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Passover Mushroom Muffins

Posted By Linda Capeloto Sendowski On March 11, 2010 @ 6:13 PM In Appetizers,Cookbook,Passover,Side Dish,Vegetarian Recipes | 6 Comments

My step mother-in-law Granny Laura Dean taught me this recipe for Pesach.  She has since passed away but she was always a wonderful grandmother to my children and a great cook and entertainer.

These little dumplings bake in the oven in muffin tins.  The original recipe, made with chicken schmaltz, tasted incredible.  I make them with olive oil to take away a few calories.  They are crispy on the outside, light and fluffy inside with bits of melt in your mouth mushroom and onion.  Granny always put plates of felichikas down the Seder table to pass around as an extra side goodie to the main entre’, which she served plated.

1 box matzo farfel [1]

1 quart or more of boiling water

6 eggs

3 onions

1 pound white mushrooms

5 stalks of celery

Salt

Pepper

Olive Oil

In a large bowl, cover the farfel with boiling water until soft and then drain very well. Squeeze the excess water out with y our hands.  Set the farfel aside.  Finely dice the onions.  Clean the mushrooms and thinly slice.  Finely dice the celery.  Preheat a large sauté pan.  When the pan is hot, add two tablespoons of olive oil and sauté the onions, mushrooms, and celery until they are barely starting to brown.  Season the vegetables with salt and pepper.  [2]

In a large bowl, whisk the 6 eggs until foamy.  Add in the drained and squeezed farfel and the vegetable mix.  Mix with a spoon to combine and season with salt and pepper.  Put a ½ teaspoon of olive oil in each cup of three 12 cup muffin tins.  I use the non-stick ones.  You could use aluminum foil throw away tins if you like.  Using a spoon, fill greased muffin tins almost to the top with the farfel batter and bake in a 350º oven for about 1 hour or until the felichikas are puffed up and the tops are golden and crunchy.  [3] [4] [5] [6] [7] [8] [9]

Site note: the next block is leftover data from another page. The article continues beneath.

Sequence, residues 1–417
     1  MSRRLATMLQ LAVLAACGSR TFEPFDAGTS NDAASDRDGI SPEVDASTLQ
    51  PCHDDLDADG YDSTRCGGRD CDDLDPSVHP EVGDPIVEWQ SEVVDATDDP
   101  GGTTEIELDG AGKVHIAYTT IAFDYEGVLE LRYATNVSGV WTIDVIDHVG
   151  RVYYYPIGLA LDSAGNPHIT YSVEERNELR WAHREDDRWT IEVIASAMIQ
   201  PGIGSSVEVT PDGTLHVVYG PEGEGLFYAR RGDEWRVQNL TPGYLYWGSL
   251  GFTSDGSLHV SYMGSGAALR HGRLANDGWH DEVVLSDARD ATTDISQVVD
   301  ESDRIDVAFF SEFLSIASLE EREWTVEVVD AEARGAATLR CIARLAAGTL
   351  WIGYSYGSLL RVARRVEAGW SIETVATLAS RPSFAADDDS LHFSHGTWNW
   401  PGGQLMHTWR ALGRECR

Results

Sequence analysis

This makes about 36.  They reheat well.

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6 Comments (Open | Close)

6 Comments To "Passover Mushroom Muffins"

#1 Comment By Norma On March 12, 2010 @ 3:33 PM

Hi Linda,

All the recipes for Passover look great. My Russian Grandmother made a simpler version of this recipe which my family loves. I am sure your version with the sauteed vegetables is a winner. The name felichikas is so interesting. Any idea what the translation is?

Do you have a good recipe for apio that you can post in the future?

Thanks for all your effort to make such a nice website.

Norma

#2 Comment By Linda Capeloto Sendowski On March 13, 2010 @ 12:15 PM

Hi Norma, as always I love your comments. Granny Laura Dean was from San Diego, Americans from many generations so probably Russian and I am not sure of name origin, I googled it and nothing came up. Apio is comming, I purchased the celery roots the other day at the Santa Monica Framer’s Market. Regards, Linda

#3 Comment By vanessa kerchner On April 4, 2012 @ 3:33 PM

this sounds wonderful and i’m excited to serve these muffins at my family’s passover seder this year. i’m going to make them in advance… how do you suggest reheating them?

#4 Comment By Linda Capeloto Sendowski On April 4, 2012 @ 11:33 PM

I think uncovered, single layer in a 300 degree oven for 10 minutes or so, until hot. Enjoy and have a wonderful Passover.

#5 Comment By shani spiegle On March 11, 2013 @ 11:43 AM

Do you think these would freeze well? Have you ever tried?

I have to cook everything this week since we’re going away and won’t be home until the day before the seder. Looking to make life easy when I get back!

#6 Comment By Linda Capeloto Sendowski On March 11, 2013 @ 2:25 PM

Hi Shani, me too!! We are gone next week and when I come back it will hit like a tone of bricks. I cook and invite for both Seders. Yes in answer to your question. They freeze very well. Just wrap them tightly. I confess I have done it before. The morning of the seder , just defrost and reheat. Have a wonderful Pesach.


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URLs in this post:

[1] farfel: http://kosherfood.about.com/b/2008/04/21/matzo-farfel.htm

[2] Image: http://www.theglobaljewishkitchen.com/wp-content/uploads/2010/03/Felichikas-005.jpg

[3] Image: http://www.theglobaljewishkitchen.com/wp-content/uploads/2010/03/Felichikas-008.jpg

[4] Image: http://www.theglobaljewishkitchen.com/wp-content/uploads/2010/03/Felichikas-010.jpg

[5] Image: http://www.theglobaljewishkitchen.com/wp-content/uploads/2010/03/Felichikas-012.jpg

[6] Image: http://www.theglobaljewishkitchen.com/wp-content/uploads/2010/03/Felichikas-013.jpg

[7] Image: http://www.theglobaljewishkitchen.com/wp-content/uploads/2010/03/Felichikas-015.jpg

[8] Image: http://www.theglobaljewishkitchen.com/wp-content/uploads/2010/03/Felichikas-016.jpg

[9] Image: http://www.theglobaljewishkitchen.com/wp-content/uploads/2010/03/Felichikas-025.jpg

[10] Image: http://www.theglobaljewishkitchen.com/2010/03/11/passover-halibut/

[11] Image: http://www.theglobaljewishkitchen.com/2010/03/02/passover-artichokes/

[12] Image: http://www.theglobaljewishkitchen.com/2010/03/14/moroccan-passover-salmo/

[13] Image: http://www.theglobaljewishkitchen.com/2010/03/25/passover-bumuelos/

[14] Image: http://www.theglobaljewishkitchen.com/2010/03/17/apio-agra-dulce-celery-root-with-lemon/

[15] Image: https://www.addtoany.com/share_save

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